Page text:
Cow Face Yoga Pose

The cow face yoga pose first appears in the ‘Hatha Yoga Pradipika’ an ancient Sanskrit text on the principles and practices of Hatha yoga. Whether you are a beginner or an advanced practitioner, this pose is for all and can be practiced during the day or even in the evening.

On a pranic level, the cow face pose directs the prana (vital life force) towards the Muladhara (root) chakra, creating a complete energy circuit flowing in the spinal region. The arms form the figure ‘8’, which represents infinity. 

The cow face pose is not only relaxing but is often used as a meditative posture since one is grounded and can concentrate on their practice.

Here, we take a look at the basics of the pose and how to deepen and improve your practice of it:

The Basics of Cow Face Pose:

This pose is known as ‘Gomukhasana’ in Sanskrit because when the body is in the final position while practicing the pose, it resembles the face of a cow. It is ideal for beginners and can be practiced by most, regardless of their expertise in yoga.

The pose targets the lower back as well as the legs, shoulder joints, and arms. If you have stiff shoulder joints, then it is advisable that you practice some shoulder-opening poses before you attempt this one. This will help you not only hold the pose for a longer period of time but will also make it more comfortable.

When practicing the cow face pose, make sure you are seated on a comfortable mat and that the ground is a flat surface. For those who are unable to sit on hard surfaces for a long time, you may place a cushion or folded blanket under your buttocks.

The Benefits of Cow Face Pose:

This is an excellent pose for inducing relaxation. When practiced for ten minutes or more, it alleviates anxiety, tension, and tiredness. Practitioners also experience relief from backache, sciatica, rheumatism, and general stiffness in the shoulders and neck. It can help with cramps in the leg and make the leg muscles more supple.

It tones the muscles and nerves around the shoulders and cardiac plexus. Since the legs are squeezed and connected, the Nadis (streams) connected with the reproductive organs are also affected. Thus, it regulates the reproductive organs and glands. 

How To Practice Cow Face Pose:

  1. Sit on the floor with your knees resting on the ground and your spine erect.
  2. Bend your right knee and place the right foot so that the left heel touches the side of the left buttock.
  3. Bend your left leg over the right thigh so the heel is placed close to the right buttock. This thus resembles a cow’s face.
  4. Join your hands behind the back.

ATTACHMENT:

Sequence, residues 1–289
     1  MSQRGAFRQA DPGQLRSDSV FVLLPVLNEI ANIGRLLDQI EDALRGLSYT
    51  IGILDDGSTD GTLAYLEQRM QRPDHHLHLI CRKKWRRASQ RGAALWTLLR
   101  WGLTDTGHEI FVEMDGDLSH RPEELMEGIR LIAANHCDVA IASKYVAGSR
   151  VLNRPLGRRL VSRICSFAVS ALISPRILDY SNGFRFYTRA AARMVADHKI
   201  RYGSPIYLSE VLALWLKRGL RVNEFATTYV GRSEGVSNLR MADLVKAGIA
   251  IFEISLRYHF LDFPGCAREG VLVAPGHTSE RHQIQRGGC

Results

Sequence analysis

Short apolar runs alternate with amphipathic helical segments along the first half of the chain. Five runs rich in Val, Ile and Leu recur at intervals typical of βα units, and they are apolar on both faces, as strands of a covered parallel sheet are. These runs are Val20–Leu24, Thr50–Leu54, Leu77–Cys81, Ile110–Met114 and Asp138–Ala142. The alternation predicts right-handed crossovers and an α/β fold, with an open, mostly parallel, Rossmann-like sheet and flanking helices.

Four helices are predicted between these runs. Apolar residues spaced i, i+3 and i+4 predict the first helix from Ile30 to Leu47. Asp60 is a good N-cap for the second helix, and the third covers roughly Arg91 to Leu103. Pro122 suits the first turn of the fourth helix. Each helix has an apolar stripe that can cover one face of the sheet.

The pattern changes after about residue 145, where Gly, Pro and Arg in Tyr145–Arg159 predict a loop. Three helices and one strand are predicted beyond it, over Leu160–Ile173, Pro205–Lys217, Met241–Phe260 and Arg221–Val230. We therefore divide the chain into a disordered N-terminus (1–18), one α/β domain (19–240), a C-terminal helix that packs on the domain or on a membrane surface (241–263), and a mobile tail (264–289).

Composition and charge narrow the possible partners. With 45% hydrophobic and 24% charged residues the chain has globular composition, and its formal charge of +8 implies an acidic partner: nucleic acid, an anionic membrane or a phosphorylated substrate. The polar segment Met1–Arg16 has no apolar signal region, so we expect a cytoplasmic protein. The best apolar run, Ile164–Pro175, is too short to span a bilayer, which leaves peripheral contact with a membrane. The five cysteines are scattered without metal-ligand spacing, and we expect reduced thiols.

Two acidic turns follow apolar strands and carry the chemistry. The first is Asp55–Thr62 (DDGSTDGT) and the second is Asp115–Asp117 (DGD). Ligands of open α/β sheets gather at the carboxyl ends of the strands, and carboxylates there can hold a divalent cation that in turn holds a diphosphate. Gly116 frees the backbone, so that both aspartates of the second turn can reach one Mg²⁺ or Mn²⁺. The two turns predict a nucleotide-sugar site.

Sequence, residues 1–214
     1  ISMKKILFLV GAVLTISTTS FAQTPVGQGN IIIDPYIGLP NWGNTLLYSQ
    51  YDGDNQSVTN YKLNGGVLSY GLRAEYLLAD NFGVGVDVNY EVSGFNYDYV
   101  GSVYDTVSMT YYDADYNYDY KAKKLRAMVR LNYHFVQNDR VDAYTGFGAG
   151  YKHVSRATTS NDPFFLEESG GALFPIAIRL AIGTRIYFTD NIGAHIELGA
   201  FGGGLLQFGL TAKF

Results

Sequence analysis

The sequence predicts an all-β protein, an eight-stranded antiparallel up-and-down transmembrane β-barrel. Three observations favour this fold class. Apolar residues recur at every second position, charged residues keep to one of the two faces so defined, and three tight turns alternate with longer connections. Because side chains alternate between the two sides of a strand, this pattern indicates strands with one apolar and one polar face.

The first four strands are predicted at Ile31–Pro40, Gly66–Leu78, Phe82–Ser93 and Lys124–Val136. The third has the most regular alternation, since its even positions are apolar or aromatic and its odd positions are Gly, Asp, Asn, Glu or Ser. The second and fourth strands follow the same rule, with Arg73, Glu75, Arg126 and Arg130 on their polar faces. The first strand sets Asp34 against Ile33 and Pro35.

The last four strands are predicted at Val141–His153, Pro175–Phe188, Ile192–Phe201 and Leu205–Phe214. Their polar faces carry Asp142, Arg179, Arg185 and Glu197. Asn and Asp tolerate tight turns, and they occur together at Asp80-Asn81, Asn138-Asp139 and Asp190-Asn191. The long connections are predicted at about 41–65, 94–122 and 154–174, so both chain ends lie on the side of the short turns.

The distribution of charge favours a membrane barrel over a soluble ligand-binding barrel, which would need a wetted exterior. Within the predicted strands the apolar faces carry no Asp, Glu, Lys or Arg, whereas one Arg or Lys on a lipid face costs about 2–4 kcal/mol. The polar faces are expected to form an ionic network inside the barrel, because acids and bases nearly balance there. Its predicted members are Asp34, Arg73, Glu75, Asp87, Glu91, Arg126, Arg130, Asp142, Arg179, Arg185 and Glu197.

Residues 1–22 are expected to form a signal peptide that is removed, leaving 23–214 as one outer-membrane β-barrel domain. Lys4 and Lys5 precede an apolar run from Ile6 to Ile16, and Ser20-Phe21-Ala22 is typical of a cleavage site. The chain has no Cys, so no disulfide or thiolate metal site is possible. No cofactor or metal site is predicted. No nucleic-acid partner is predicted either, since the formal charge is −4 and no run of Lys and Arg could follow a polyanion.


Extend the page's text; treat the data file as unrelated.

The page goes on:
5. Stretch your left arm up in the air and bring it down behind your head and back.
  6. Stretch your right arm downwards and bring it up the back.
  7. Clasp your hands together.
  8. Hold this pose for a few minutes, release your arms, and then your legs.
  9. Repeat the pose by alternating the limb placement.
  10. Release the pose and relax. If you are practicing this pose towards the end of your practice, you may follow it up with a resting pose such as the child’s pose. 

Common Mistakes During Practice:

It is important to keep your spine erect when practicing the cow face pose. You should not bend forward or backward. When you are in this pose, you can resume normal breathing. Since the chest is already expanded, there is no need to take deep breaths.

Like all other yoga poses, it is crucial that you are comfortable and do not exert yourself. Hold it for as long as you don’t feel any physical strain. In order to balance your body, remember to practice this pose using both sets of limbs. Do not focus on just one side. This will help restore imbalances and prevent any injury.

Beginner’s Tip:

If you are unable to clasp your hands at the back, you can also fold them in a ‘namaskara’ mudra behind your back. Alternatively, you may also hold your elbows using the opposite wrists. 

The most important aspect of the pose is concentration and so slight modifications will yield the same benefits as you will be able to hold the pose for a long period of time.

For absolute beginners, stay in the pose for up to 2 minutes and gradually increase the duration as you start to feel more comfortable in your body.

Cautions For Practicing Cow Face Pose:

While those with extremely stiff shoulders should be gentle and mindful when practicing this pose, it is always advisable to practice a shoulder-opening sequence before one attempt this. 

Since pressure is applied to the sciatic nerves, those with severe back problems practice it with caution and under the guided supervision of a teacher.

Avoid this pose if you have any hip, knee, or shoulder injury or are recovering from surgery.

Those who are pregnant should completely avoid this pose because the pressure created in the lower abdomen by the closing of the thighs can be harmful and dangerous.

Variations Of the Cow Face Pose:

The Hatha Yoga Pradipika mentions a modification of the arm placement for the cow face pose. In this variation, you may place your hands on the upper knee and place them on top of each other.

In this position, you can either keep your eyes open or keep them closed. You can also perform the Shambhavi mudra. 

While the cow face pose is not a meditative posture, the longer you hold the pose the better. If you are unable to concentrate for a long time with your eyes closed, you may fix your gaze at a point in front of you and practice your Bandhas or a Pranayama (yogic breathing) such as Ujjayi or Sheetali which does not require the use of your fingers.

Suyasha Sengupta

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References :

[0]Saraswati, S (1969). Asana Pranayama Mudra Bandha. (Third Edition 1996). Yoga Publications Trust, Munger, Bihar, India.

[1]Muktibodhananda, S (1985). Hatha Yoga Pradipika. (Fourth Edition 2012). Yoga Publications Trust, Munger, Bihar, India.